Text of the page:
The Week In Radio: Saturday morning fever with master muso Mary Anne


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The Independent Culture

"In another life I would have been out on the road DJing and dragging a record box around in the middle of the night in some shady club," remarked Mary Anne Hobbs at the start of her new weekend breakfast show on BBC6 Music.

Hobbs was referring to her last job as a club DJ, one of her many working incarnations that have also included Sounds journalist, Radio 1 Breezeblock stalwart and presenter on XFM. In recent years, when most people her age are putting the kettle on and warming up the telly in readiness for Saturday Kitchen, Hobbs has been packing up the decks, waving goodbye to the boggle-eyed masses and crawling home to her bed.

Hobbs is a million miles from the presenters who are handed a mug of coffee and a playlist at the start of their shift, and politely requested to get on with it. She is a proper DJ who lugs records around with her like the rest of us carry handbags and who, unlike most in the throes of middle age, doesn't appear to fantasise about lying a sofa in a fleece-lined muumuu at the end of a day's work and using the cat as a pillow.

She's a woman with a vast musical knowledge, an enthusiasm that has remained undimmed since her early days under the wing of John Peel, and who absorbs new sounds like Betty Ford absorbed cocktails. So all credit to BBC6 Music for employing her (if even if you wonder what took them so long). Unlike its rivals, the station refuses to be dazzled by youth. It also hires female presenters not for their capacity to be wrist-slittingly bubbly in the early hours (hello Vanessa!), but on the basis that they are dedicated, world-class muso bores. In a good way, of course.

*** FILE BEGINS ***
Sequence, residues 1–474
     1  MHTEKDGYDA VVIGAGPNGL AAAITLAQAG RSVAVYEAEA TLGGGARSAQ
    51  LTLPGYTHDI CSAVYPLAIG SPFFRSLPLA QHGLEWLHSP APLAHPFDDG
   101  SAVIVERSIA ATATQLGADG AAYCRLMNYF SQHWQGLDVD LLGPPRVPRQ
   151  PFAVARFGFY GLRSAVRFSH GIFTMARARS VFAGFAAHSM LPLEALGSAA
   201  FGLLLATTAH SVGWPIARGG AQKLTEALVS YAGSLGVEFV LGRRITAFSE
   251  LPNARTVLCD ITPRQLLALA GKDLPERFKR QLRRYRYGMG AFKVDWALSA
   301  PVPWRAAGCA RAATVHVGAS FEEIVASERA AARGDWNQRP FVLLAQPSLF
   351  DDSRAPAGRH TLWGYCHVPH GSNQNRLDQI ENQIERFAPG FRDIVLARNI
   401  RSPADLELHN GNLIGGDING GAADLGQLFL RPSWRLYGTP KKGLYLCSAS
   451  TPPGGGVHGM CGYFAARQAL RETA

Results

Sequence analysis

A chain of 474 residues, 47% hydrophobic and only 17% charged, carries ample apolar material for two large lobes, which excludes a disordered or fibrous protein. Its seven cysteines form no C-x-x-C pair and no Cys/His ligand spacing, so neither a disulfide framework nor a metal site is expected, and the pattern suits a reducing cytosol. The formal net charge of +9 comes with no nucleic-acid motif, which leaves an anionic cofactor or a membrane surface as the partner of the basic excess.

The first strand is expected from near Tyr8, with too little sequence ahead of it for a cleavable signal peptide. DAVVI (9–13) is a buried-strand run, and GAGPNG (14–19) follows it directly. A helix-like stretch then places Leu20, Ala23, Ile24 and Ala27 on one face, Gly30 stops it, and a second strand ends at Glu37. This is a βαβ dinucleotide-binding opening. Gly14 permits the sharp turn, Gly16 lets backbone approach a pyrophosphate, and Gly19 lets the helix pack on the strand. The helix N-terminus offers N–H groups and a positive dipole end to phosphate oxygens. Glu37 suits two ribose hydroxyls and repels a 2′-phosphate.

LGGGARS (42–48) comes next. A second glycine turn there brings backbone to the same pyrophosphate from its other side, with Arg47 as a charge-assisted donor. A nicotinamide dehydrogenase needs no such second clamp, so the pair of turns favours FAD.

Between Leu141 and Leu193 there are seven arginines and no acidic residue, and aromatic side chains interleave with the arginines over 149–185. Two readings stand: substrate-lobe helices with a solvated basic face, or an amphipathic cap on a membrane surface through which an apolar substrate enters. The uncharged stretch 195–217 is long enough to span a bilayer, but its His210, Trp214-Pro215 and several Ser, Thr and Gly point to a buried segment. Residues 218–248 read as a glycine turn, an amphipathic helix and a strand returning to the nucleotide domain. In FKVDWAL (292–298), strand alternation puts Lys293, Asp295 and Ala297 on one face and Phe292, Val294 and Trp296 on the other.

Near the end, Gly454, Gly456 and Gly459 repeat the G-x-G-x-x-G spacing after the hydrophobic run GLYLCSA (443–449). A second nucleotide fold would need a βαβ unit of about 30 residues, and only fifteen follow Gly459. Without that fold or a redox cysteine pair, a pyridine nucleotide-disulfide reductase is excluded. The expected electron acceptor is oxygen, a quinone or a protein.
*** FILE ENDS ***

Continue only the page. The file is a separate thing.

So, the new show. Hobbs's silkily hushed voice was perfect for this time of the morning. None of your nails-down-a-blackboard, Feltz-style quacking here. There was, it has to be said, a little too much nervous laughter and too much awestruck thanks at being allowed to sit in a studio in Salford in the early hours of a Saturday as if we, the listeners, had somehow been instrumental in her appointment.

On Sunday's show there was also a strange and ill-fitting feature show called "The Three-Minute Epiphany" in which the philosopher Roman Krznaric droned on about "the age of outrospection" and how we should all be nice to one another. But there was also an endless stream of classic, oddball, obscure and glorious records, each of them introduced by Hobbs with a sense of awe and astonishment that they had ever got made. For a weekend musical education, you couldn't hope for a safer pair of hands.

On Monday evening, another new signing was battling with first-day nerves.

Alice Levine, a former MTV presenter, made her broadcasting debut on Radio 1, alongside co-presenter Phil Taggart, on the late-night new music show made famous by John Peel. The pair certainly had chemistry, with the confident, charismatic Levine playing eye-rolling older sister to Taggart's over-excited schoolboy.

There was the odd teething problem, most notably in the form of a webcam that had been rigged up in the waiting area in order that we could spy on loitering guests, and which came with a migraine-inducing echo. "This is groundbreaking," declared Taggart, before stepping out of the studio and in front of the camera, leaning over guest Charli XCX and inadvertently revealing two acres of underpants.

The music was by turns interesting and atrocious, which is pretty much what we got in the days of Peel. Although, to be fair, I don't ever recall him flashing his pants.